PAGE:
The Design Phase. 

Whether or not it is design-bid-build or design-build, the elements of design will remain pretty much the same. In design build, changes and claims will diminish, and as both design and construction are under one contract with fewer delays due to change orders and dilatory decision making, schedules are generally enhanced.    Best Practices will dictate under any delivery system,  that a geotechnical engineer be commissioned to perform the functions enumerated above and the GBR will become a baseline document for both the designer and the basis of estimating and means and methods selection by the contractor.  So the DESIGNER will perform the following functions:

  • Comply with appropriate design standards and codes
  • Perform the design typically in the three phases and obtain input and approval in each phase before proceeding to the next
  • Using input from the GBR, the Owner and the Contractor, decide on the nature of the excavation (open cut, trenchless, immersion, tunnel, joint pipe, utilidor)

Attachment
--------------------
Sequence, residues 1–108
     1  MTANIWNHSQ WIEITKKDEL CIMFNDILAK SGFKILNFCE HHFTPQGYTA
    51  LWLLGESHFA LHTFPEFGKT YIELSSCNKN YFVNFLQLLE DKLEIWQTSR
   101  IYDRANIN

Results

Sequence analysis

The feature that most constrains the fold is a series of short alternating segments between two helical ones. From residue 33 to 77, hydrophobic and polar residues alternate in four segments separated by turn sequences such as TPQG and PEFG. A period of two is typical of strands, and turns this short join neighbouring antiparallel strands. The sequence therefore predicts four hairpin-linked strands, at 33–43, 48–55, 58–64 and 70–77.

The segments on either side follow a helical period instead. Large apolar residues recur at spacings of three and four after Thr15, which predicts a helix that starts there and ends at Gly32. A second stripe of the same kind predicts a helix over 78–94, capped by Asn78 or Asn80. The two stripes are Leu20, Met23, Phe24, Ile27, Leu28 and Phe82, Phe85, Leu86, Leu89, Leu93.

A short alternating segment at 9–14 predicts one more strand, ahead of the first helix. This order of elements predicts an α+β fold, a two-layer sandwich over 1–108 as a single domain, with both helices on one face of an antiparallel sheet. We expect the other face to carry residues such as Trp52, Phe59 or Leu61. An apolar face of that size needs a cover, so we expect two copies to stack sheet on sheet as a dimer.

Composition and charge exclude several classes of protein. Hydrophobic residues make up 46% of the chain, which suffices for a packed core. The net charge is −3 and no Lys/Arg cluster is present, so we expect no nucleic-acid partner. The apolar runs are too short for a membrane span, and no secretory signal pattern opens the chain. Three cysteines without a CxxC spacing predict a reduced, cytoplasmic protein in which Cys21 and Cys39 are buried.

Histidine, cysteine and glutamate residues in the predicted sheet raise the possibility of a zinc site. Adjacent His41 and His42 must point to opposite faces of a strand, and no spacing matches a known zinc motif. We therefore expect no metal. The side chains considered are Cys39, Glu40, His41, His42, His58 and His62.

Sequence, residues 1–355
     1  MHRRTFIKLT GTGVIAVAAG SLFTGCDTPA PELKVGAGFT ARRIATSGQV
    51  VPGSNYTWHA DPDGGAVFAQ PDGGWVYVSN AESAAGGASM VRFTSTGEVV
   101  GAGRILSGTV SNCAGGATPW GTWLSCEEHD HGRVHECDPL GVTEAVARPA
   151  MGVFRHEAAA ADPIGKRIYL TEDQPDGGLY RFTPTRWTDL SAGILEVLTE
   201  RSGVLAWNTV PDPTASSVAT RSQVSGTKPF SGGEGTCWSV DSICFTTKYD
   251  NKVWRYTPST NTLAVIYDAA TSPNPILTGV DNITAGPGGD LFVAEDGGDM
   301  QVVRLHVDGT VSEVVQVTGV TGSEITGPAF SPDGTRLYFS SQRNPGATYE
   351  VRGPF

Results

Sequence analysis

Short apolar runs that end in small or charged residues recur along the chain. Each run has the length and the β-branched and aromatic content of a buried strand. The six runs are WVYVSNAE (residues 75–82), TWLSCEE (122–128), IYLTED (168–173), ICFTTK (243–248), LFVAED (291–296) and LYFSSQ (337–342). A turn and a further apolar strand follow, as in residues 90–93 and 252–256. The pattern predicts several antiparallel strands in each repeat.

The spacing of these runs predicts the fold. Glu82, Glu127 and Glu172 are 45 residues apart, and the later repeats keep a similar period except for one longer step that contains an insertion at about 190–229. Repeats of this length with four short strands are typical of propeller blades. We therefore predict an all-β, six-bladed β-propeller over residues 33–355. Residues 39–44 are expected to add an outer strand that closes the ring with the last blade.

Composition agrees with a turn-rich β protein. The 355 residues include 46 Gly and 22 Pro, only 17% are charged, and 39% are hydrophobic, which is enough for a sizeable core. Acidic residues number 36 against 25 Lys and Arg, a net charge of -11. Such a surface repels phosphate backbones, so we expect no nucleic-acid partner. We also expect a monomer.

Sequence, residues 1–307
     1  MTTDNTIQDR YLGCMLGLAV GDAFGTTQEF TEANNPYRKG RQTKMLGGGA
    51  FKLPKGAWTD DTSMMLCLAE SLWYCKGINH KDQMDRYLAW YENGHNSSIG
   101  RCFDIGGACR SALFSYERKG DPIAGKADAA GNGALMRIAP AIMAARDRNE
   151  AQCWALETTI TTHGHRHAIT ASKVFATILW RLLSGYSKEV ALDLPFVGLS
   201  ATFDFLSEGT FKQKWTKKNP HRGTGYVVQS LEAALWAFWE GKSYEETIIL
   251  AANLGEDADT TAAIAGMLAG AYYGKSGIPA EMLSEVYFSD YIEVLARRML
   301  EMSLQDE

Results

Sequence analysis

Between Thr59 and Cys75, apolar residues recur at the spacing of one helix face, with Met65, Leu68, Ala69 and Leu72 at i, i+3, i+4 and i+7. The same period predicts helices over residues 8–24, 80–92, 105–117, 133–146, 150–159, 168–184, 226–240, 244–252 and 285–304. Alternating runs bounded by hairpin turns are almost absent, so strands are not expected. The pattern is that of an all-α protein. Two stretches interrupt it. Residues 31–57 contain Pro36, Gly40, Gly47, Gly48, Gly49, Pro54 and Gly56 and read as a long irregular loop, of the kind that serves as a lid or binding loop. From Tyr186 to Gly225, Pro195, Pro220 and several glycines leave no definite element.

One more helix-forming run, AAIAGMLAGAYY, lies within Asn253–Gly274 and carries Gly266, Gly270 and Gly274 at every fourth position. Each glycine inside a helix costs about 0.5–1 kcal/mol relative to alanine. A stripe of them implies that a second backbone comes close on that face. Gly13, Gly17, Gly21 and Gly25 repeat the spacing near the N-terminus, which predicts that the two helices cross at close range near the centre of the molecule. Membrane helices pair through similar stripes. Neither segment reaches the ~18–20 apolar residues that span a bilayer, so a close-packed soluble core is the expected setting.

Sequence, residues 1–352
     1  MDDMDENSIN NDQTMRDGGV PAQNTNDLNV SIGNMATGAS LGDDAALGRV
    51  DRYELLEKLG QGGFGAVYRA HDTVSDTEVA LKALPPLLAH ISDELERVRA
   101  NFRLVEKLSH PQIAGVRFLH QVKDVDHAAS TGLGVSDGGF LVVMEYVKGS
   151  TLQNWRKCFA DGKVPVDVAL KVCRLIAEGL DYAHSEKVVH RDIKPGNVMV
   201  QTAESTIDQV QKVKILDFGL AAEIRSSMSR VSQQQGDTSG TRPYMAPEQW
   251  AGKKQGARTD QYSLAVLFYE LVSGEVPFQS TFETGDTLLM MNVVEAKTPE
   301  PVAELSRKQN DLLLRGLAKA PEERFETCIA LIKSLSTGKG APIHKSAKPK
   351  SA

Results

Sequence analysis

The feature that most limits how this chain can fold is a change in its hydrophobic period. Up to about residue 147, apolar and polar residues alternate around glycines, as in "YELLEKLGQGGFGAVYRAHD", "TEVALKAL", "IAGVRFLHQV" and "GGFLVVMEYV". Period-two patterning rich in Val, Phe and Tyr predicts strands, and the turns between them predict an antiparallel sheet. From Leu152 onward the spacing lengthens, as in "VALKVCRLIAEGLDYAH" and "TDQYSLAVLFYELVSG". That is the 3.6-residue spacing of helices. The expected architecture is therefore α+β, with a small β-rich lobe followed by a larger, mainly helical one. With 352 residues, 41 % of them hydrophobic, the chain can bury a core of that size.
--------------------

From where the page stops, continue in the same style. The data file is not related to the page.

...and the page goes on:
• This includes mapping of existing utilities and known structures which could interfere with excavation
    • Some reports indicate that a utility is being damaged every 6 minutes (about 700,000 a year), so location and prevention of damage is obviously a major priority.
  • If open cut trench  or tunnel, develop design for ground support, potential for both walls and overhead material to cave or fall in (provide  requirements for shoring, shotcrete, rock bolts, etc) 
  • Provide requirements for blasting if indicated.
  • Provide requirements for water management if indicated.